Think of your back and the pack as a teeter totter. Weight too low, the top of the pack leans away backwards. Weight too high, the top of the pack leans forward. Keeping the weight in the middle, and neither the top or bottom leans away from the vertical.

    50 years of backpacking Colorado’s Rainbow Trail, is a great preprep experience on living out of a backpack.

    • I would think that a long long walk one would be better off with a foldable baby stroller and a big diaper bag. I have no kids now to worry about, just me but in order NOT to be bogged down with weight a baby stroller would be a great thing to have. I mean after all it will roll…And even if you have no baby it will hold whatever without having all of that load on your back for hours at a time…It’s just a thought…I told my friend that and she just looked at me and said WOW, GENIUS. I assume b/c it’s something they had not thought about. So two heads are always better than one, and it’s better to be safe than sorry !!! A nuclear war coupled with an EMP, WOW, that is like hell on earth and NOT a thought I want to entertain !!!

      • Agreed. Wheels are our friends. Kiddos already know the routine with strollers to carry baby gear Not too out of the ordinary. Mini-go bags for older ones with change of unders, socks, dark sweats, wind-breaker/cheapo poncho and yummy kid bars. Quart of water each. Fanny packs can be had cheap at thrift stores cuz they’re out of style. Kids are pretty sturdy if they are told the truth. Child training really pays off in these kinds of tough situations. Worth the effort. Calm children are a blessing. So are calm parents.

  • The best Idea for a “get home” outfit is as minimal as possible.
    But unlike some, I do not advocate thinking you can pick stuff up at the dollar store or other places, after an event starts.( You can go there ahead of time to get most of the items for you kit.) Those places should be avoided after the event starts.
    All you really need is a good set of clothing to change into, good shoes and socks for walking and some basic survival gear. As for the little ones hopefully they can walk also. This will keep you from being a target. To much gear could make you seen as an easy target, especially with little ones in tow.

    On the basic gear: a disposable lighter(a Dakota pit fire for heat), a cheap rain poncho or two, some cordage, maybe a “space” type blanket or two(for shelter), a small flashlight, a small knife or cutting tool, some high energy food , at least one 750 ml bottle of water, maybe a local map, a small first aid kit and something to carry the basics in, maybe a fanny pack or small knapsack.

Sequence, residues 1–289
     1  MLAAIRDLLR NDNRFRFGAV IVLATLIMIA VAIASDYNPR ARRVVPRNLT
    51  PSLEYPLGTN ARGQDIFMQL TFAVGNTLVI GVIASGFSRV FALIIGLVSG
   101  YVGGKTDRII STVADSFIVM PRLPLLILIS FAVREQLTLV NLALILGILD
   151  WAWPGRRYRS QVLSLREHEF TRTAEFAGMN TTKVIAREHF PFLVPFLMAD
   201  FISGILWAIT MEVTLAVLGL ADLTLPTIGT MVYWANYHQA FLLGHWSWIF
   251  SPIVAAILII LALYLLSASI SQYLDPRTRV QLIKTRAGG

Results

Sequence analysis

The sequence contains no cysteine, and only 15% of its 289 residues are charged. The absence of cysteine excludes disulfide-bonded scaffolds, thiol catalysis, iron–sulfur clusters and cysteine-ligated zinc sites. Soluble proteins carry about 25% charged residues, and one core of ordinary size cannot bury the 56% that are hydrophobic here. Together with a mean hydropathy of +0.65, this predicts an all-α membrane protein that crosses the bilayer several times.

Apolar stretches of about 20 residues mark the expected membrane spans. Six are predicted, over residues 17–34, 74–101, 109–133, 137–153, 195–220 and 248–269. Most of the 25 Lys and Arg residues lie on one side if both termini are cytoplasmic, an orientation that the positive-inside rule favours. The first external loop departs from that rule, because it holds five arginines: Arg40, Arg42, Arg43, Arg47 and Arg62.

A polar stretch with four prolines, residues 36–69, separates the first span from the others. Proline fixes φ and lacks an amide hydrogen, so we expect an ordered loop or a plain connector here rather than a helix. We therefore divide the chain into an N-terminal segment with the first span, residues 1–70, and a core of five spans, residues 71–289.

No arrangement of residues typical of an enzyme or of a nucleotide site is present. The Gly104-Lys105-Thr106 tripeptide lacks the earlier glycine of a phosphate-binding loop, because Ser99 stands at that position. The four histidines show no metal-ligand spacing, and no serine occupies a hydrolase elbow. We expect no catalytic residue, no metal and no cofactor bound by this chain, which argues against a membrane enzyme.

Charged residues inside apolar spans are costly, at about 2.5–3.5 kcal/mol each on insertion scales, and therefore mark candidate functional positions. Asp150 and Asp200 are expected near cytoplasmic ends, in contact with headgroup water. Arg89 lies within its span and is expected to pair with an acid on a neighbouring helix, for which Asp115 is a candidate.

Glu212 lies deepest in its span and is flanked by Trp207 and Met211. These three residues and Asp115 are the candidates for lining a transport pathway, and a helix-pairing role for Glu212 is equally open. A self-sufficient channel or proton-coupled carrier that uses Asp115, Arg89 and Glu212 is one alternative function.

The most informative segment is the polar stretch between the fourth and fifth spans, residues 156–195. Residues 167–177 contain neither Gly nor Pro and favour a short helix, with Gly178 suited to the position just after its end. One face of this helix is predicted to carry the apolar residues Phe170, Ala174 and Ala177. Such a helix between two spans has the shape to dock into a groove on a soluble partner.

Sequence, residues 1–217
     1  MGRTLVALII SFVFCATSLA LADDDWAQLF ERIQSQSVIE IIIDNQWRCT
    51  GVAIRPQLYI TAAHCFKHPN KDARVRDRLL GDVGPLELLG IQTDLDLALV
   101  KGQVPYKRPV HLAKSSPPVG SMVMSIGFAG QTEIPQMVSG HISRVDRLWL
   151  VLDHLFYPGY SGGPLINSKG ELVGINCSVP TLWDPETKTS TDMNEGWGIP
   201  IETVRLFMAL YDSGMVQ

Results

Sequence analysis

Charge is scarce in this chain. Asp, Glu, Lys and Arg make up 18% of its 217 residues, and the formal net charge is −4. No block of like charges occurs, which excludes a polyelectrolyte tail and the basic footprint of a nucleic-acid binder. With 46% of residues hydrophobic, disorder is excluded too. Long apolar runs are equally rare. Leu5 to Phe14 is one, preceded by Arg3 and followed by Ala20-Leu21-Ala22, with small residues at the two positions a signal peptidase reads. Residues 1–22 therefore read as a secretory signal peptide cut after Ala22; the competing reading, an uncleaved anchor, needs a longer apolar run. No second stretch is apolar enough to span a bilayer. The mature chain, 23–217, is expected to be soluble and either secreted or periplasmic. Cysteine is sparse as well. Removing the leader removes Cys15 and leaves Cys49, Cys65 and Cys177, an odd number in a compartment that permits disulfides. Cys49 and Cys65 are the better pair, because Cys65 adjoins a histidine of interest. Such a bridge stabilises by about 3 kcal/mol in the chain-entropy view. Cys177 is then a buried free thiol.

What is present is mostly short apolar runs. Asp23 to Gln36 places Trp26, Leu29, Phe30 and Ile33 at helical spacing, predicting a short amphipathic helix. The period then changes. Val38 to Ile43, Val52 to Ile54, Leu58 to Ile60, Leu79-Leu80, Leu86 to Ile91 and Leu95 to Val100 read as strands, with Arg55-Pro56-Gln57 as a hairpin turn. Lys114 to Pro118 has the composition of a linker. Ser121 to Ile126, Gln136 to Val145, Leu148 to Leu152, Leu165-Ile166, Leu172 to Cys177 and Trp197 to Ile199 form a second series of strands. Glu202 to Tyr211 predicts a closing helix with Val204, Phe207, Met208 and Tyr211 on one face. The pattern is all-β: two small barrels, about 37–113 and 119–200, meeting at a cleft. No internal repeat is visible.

Knowing and having the skills in how to use these items is priceless. Your level of survival skill may change the items you carry.
    This should be enough to help you survive a up to a day or two, until you get home.

  • After watching Ukraine evac with cars stacking up, I put my folding wagon in the car. Also made “elvan lemba bread”. (They say has a shelf life over a decade) Son in law has a piece we try each year. It is close to 8 years old and still tastes good. Vac sealed bread is pretty small and way tastier than hard tack.
    Does the weight in a pack depend on back health and center of gravity as well? I am curious.

    • Before I got my own home gym equipment I used to see this guy at the gym walking on the treadmill on a high incline with a fully loaded backpack. I think that would be a great idea to test how your back feels with various packing. I think depending on where your back issue is would determine where the weight should go. It’s not a one size fits all kinda thing.

  • There are all kinds of alternatives not otherwise mentioned here.

    I use a 2-wheel folding luggage cart (rated up to 150 lb loads) to walk groceries home all the time. Amazon is full of such things. Europeans often use 2-wheel hiking trailers (featured on YouTube) to use for multi-thousand kilometer trips. Yes, those are a little pricey but for the budget minded, converting a 2-wheel child carrier (intended for towing behind a bicycle) is easy to change into a walkable luggage carrier — and frugalites can find such bargain carriers to convert for walking or bicycle towing at their local thrift store — much more affordable than the bicycle cargo trailers sold and priced for that purpose to cross-country bicycle travelers.

    Up from that, many hunters often use deer carts to transport large multi-hundred-pound animals over rough ground back to their vehicles … but that requires one to be in reasonable physical condition.


  • It did state in the article that this was going to be backpacking, and away from the road. So wheels are pretty much out. I think the author is thinking crossing, say, ditches and weedy fields, moving through occasional forest with no trails…stuff like that.

    And a single mom with a toddler, thats why he is testing the baby carrier.

    Good article. Wonder if anyone makes a modular baby carrier with some molle, or hard it would be to rig something up, so you could have a baby carrier, and possibly easier attachment of a few more pouches.

    It would be crazy difficult to have a baby that had to be carried in order to make miles, and then not be able to carry anything else, and move through rough terrain. Thats a real hardship.

    Really, in a perfect world, where we are free to change the authors scenario, the single mom would have either a friend, or better yet a dedicated mate who loves her and the child and would carry the gear and handle the non baby chores. He would even change diapers if he was any kind of man.

    A single mom unused to hardship is going to have a tough time of it, no doubt.

  • I do not have little ones. Thinking on it, man would that be tough to have to hump it home with a little one.